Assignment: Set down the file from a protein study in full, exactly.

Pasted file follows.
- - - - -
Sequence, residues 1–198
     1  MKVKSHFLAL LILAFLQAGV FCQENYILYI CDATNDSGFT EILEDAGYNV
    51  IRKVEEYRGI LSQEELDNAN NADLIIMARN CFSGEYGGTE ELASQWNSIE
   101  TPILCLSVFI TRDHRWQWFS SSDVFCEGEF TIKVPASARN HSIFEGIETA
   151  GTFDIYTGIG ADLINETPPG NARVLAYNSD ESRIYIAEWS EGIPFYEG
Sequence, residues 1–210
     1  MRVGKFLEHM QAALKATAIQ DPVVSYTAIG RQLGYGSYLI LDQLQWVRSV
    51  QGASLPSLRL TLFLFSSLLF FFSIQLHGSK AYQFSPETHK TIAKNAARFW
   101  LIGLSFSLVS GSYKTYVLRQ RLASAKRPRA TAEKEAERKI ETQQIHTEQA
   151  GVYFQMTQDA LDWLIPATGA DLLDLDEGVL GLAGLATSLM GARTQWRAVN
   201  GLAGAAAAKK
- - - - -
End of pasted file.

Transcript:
Sequence, residues 1–198
     1  MKVKSHFLAL LILAFLQAGV FCQENYILYI CDATNDSGFT EILEDAGYNV
    51  IRKVEEYRGI LSQEELDNAN NADLIIMARN CFSGEYGGTE ELASQWNSIE
   101  TPILCLSVFI TRDHRWQWFS SSDVFCEGEF TIKVPASARN HSIFEGIETA
   151  GTFDIYTGIG ADLINETPPG NARVLAYNSD ESRIYIAEWS EGIPFYEG
Sequence, residues 1–210
     1  MRVGKFLEHM QAALKATAIQ DPVVSYTAIG RQLGYGSYLI LDQLQWVRSV
    51  QGASLPSLRL TLFLFSSLLF FFSIQLHGSK AYQFSPETHK TIAKNAARFW
   101  LIGLSFSLVS GSYKTYVLRQ RLASAKRPRA TAEKEAERKI ETQQIHTEQA
   151  GVYFQMTQDA LDWLIPATGA DLLDLDEGVL GLAGLATSLM GARTQWRAVN
   201  GLAGAAAAKK